In the early hours of June 30, more than a dozen Akimel O’odham and Onk Akimel O’odham tribal members gathered to harvest the ripe bahidag (fruit) from the Ha:ṣañ (saguaro cactus) at Aji Mountain in District 4, on the lands of the Gila River Indian Community. The harvest was a joint effort between the Huhugam Ki: Museum of the Salt River Pima-Maricopa Indian Community Cultural Resources Department and the Gila River Indian Community’s Huhugam Heritage Center.
During the time of the O’odham New Year (or summer solstice), Community members from both GRIC and SRPMIC venture out into the desert to pick the ripe cactus fruit, or bahidag, that sits atop the towering Sonoran Desert giants.
Under the guidance of Huhugam Ki: Museum Manager Gary Owens, groups of participants scattered across the side of the twin butte Aji Mountain, moving from cactus to cactus in search of the desert’s delights. Equipped with buckets and a pole called a Kuipaḍ made from long saguaro cactus ribs (Va:pai), individuals reached up to pull or push the fruit loose.
After the fruit fell to the ground below, participants opened up the bahidag to reveal the bright red pulp, which is then placed into the bucket. Harvesters then leave the fruit’s skin facing open side up in a symbolic gesture to welcome rain in the summer months ahead.
At the conclusion of the harvest, everyone gathered to talk about their experiences and what comes next, which is cooking the saguaro fruit into a syrup. SRPMIC participant Aloea Goodwin said, “I think I did pretty good for it being the first time I harvested the fruit, just knowing what it takes and the effort you need to put in, in order to get the fruit.”
She was joined by her brothers Alex and Adam, who also were first-timers at the ha:ṣañ bahidag harvest. Goodwin said that it was a learning experience about the culture of the Community and the O’odham and that it is important for tribal members to join in cultural events like these when they are offered.
Cultural Specialist Isaac Lopez of the SRPMIC Youth Services Department said this year’s harvest was his second time. He said it offered an important lesson for him that he can share with the Community youth.
“My first time [harvesting] was with the late Ron Carlos. He showed us and taught us how to pick ha:ṣañ bahidag … so I have been learning from that and showing the youth how to pick bahidag and the traditions associated the harvesting the fruit,” said Lopez.
Shirley Jackson, Director of the GRIC Huhugam Heritage Center, said the collaboration between SRPMIC and GRIC stemmed from a cross-sharing of information and knowledge on ha:ṣañ bahidag, from learning about and harvesting the fruit to how to cook it.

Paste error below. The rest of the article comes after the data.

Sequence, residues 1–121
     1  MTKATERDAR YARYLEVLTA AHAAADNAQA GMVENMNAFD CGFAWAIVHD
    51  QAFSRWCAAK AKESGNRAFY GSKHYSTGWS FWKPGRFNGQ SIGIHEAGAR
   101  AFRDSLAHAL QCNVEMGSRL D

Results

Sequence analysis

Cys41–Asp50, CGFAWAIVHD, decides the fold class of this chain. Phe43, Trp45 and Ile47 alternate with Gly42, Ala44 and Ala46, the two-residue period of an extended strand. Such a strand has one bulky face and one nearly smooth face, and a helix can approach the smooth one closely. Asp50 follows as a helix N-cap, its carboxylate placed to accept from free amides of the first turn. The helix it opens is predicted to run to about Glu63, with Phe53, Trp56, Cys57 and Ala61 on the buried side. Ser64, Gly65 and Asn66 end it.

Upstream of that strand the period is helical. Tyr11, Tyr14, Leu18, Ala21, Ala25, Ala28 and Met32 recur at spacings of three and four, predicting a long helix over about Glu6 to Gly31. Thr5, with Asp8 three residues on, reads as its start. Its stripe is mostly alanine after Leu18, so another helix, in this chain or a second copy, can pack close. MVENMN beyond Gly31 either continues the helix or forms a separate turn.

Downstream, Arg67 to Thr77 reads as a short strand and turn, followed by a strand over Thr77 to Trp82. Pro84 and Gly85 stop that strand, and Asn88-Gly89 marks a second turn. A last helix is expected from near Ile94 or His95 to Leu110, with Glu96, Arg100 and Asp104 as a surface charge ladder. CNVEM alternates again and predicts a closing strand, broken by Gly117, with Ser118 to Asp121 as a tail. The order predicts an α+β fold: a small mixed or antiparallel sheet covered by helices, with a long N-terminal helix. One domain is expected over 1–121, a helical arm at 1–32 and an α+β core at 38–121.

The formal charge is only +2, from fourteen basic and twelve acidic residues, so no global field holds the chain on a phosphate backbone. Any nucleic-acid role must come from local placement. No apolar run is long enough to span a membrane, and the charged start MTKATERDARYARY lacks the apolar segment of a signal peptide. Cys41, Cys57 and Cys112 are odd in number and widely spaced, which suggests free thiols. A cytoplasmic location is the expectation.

“We thought we would put it out to the audience there about possibly having a harvest, because we invited Gary [Owens] to provide a lecture in June,” said Jackson. She said that on the weekend prior, they held their first harvest, which yielded some ha:ṣañ bahidag; but first impressions from the recent haul showed there was more fruit to be collected.
She said collaboration between the two tribal museums is not uncommon. “We have meetings for the directors of the Four Southern Tribes’ museums, and we meet quarterly or at least a couple of times a year just to catch up and to talk about what’s going on in the museum field. We discuss our various projects and collections, you know, things that we all of course have in common since we’re all connected.”
Looking back on the harvest, Owens said, “I had a great time. We have fruit and that is what’s important. This is the first time in conjunction with Gila River that I’ve harvested here. I’m happy because in order to have a good cook (cooking of the ha:ṣañ bahidag), everything has to go right; I was taught that you need a minimum of three and a half gallons of fruit pulp to get a good batch of syrup.”
He said part of the reason behind the collaboration with GRIC is because many of the areas to harvest ha:ṣañ bahidag near SRPMIC are not easily accessible due to issues of land jurisdiction with neighboring municipalities. Owens added that it was a good opportunity for him and the volunteers from SRPMIC to harvest at a new location and to strengthen relations between the two tribes.
The following-day, Owens provided a cooking demonstration of how to make Sitol (syrup) with GRIC and SRPMIC youth and adults in attendance at GRIC Huhugam Heritage Center. The cooking process is a time-consuming process that requires both patience and skill from the preparing the fruit and tending to the fire, the wood and amount used, and the attention to separating the seeds and thorns from the fruit and then cooking the extracted juice until it reaches the desired thickness.
The cooled syrup is then poured and stored in glass jars and lids. In historical times, the syrup was poured into small clay jars and covered with a pottery sherd, then sealed with wet clay. For a successful picking and cooking you would come back with maybe 2 or 3 quarts. For this year’s event, the HHC received 3 small jars of syrup and the instructor received the seeds and pulp fibers to make saguaro fruit jam in the winter months. It was a nice harvest experience and teaching project for all.